Every repetition of the fifth commandment in scripture ends with the reminder that there are consequences for obedience or disobedience. Col. 3:20 is no exception. “Children, obey your parents in everything, for this pleases the Lord.”

Although we are justified by faith alone and made righteous with Christ’s righteousness because we believe, it is still possible to please or displease God. Col. 3:20 tells us that obedience “please the Lord” just as disobedience “displeases the Lord.” A mature Christian is able to hold these two truths in tension.

Here is the first truth that we must hold in tension. If you are a Christian, failure to obey God will never cause him to reject you. You are clothed in Christ’s righteousness. He is as pleased with you as he is pleased with his Son. Rom. 8:35 asks the rhetorical question, “Who shall separate us from the love of Christ?” The answer is “No person, No thing, or No failing.”

But there is a second truth. Your works, or their absence, can cause God to be either pleased or displeased with you. God is a father. Fathers love their children, even those that deeply disappoint them. They never quit loving their children. They can be upset with them, but they will never reject them. They will never cast them out of their family. They cannot be disinherited.

But because they love them, they will discipline them, and the discipline can be exceedingly painful. Because he struck the rock, rather than spoke to it, God barred Moses from entrance to the Promised Land. Moses was saved. He was deeply loved by God. He stood next to Christ in glory on the Mount of Transfiguration, yet he suffered greatly for his sin.

Because of David’s adultery and murder the sword never departed from his family. Remember, David was the man after God’s own heart. Hebrews 11 lists him as one of the heroes of faith. But the suffering that his sin unleashed in his family was off the charts.

Therefore, our text reads. “Children, obey your parents in everything, for this pleases the Lord.” This means children can either please or displease God. In each case there are profound consequences.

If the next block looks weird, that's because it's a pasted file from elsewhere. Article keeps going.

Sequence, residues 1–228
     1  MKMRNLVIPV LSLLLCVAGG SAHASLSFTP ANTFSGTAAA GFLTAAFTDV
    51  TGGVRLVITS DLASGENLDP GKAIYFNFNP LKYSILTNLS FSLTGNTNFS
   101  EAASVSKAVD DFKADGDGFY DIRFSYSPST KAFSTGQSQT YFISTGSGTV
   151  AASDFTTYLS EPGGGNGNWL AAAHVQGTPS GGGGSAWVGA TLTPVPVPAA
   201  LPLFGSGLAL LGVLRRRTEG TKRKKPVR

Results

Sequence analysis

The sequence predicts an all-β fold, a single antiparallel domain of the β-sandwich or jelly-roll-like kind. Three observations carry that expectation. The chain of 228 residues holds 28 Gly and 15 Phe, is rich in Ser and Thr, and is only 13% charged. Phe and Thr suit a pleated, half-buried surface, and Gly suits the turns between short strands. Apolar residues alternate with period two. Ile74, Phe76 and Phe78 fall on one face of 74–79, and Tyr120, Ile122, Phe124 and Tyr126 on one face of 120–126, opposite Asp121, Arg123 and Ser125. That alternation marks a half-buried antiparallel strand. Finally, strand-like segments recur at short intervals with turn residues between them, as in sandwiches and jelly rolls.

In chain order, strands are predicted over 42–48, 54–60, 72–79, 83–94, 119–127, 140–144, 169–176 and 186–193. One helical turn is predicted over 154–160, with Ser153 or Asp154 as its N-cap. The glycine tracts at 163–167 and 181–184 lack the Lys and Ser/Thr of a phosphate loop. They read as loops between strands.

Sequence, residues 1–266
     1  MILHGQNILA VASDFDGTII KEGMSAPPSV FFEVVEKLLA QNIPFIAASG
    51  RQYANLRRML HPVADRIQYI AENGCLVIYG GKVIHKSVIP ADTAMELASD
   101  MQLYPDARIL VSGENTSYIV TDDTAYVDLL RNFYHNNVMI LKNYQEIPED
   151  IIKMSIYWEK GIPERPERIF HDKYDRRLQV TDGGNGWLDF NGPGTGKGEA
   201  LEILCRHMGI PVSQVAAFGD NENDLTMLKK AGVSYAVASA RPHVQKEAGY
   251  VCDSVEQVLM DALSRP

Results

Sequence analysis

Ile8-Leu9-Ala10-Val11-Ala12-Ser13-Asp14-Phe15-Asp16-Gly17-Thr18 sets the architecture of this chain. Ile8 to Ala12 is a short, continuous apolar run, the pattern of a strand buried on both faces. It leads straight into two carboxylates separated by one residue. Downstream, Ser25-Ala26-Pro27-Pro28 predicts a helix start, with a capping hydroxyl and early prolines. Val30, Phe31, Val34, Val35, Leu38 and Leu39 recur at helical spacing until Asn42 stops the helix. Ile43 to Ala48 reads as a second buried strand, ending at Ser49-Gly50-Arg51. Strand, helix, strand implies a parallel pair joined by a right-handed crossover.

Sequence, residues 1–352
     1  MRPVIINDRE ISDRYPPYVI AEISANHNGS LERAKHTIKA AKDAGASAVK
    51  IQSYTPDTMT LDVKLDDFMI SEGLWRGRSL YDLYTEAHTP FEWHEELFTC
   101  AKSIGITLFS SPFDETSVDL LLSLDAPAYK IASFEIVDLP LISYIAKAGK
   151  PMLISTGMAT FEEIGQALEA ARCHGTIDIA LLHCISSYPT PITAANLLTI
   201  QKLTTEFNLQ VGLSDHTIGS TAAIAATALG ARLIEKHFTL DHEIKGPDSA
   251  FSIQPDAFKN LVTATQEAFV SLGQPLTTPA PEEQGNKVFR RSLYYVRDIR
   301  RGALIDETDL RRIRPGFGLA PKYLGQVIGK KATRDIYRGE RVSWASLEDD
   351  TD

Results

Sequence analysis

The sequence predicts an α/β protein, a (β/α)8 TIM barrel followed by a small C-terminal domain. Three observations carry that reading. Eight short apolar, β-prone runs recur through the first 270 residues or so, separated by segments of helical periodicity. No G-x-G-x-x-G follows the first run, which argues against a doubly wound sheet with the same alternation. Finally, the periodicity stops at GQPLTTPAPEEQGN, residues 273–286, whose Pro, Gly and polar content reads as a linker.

Negatively: Disobedience displeases the Lord. In scripture, rebellion against parental authority is exceedingly serious. As we have noted, it is always rebellion against God. Again, that is how God sees it. Listen to God’s Word on this subject.

(Ex 21:15) ““Whoever strikes his father or his mother shall be put to death.”

(Ex 21:17) ““Whoever curses his father or his mother shall be put to death.”

(Dt 21:18-21) ” “If a man has a stubborn and rebellious son who will not obey the voice of his father or the voice of his mother, and, though they discipline him, will not listen to them, then his father and his mother shall take hold of him and bring him out to the elders of his city at the gate of the place where he lives, and they shall say to the elders of his city, ‘This our son is stubborn and rebellious; he will not obey our voice; he is a glutton and a drunkard.’ Then all the men of the city shall stone him to death with stones. So you shall purge the evil from your midst, and all Israel shall hear, and fear.”

(Dt 27:16) “Cursed be anyone who dishonors his father or his mother.’ And all the people shall say, ‘Amen.’”

(Pr 30:17) “The eye that mocks a father and scorns to obey a mother will be picked out by the ravens of the valley and eaten by the vultures.”

These texts are not in the Bible to motivate us to administer the death penalty to our children. They are in the Bible to impress us with the seriousness of these sins, and what they would receive if God were not slow to anger.

They are also here to impress us with the immensity of God’s love. In our place Jesus took the “death penalty” that we and our children deserve. We have all been stubborn and rebellious. Some of us have struck our parents. Some of us have even cursed our parents. All of us have failed to obey our parents or dishonored them. In God’s sight these sins are capital crimes. That is how serious they are. And here is the amazing truth. God is love. How do we know that? God sent his Son to come and take the death penalty in our place.

We will get serious about parenting to the degree that we see the horror of sin and the infinite nature of God’s love, mercy, and grace. We see both the horror of our sin and the love of God at the Cross.

Positively: God wants to Bless children Col 3:20 reads, “Children obey your parents in everything, for this please the Lord.” This means it also works the other way. God blesses the child that obeys its parents. Col 3:20 tell us that a child’s obedience “pleases the Lord.” In addition, Eph 6 reminds us thtat the fifth commandment is the first one with a promise, “That it may go well with you in the Land.”

Both the fifth commandment in Exodus and its repetition in Deuteronomy have a promise attached—first, “a long life” and a life that “goes well with them in the land.” (When the Ten Commandments were given the Jewish people knew little of Heaven or eternal life. The rewards were confined to this life).

So brothers and sisters, in light of the cross, lets get serious about parenting. Lets do it because we love our children, and because we are passionate about the glory of God.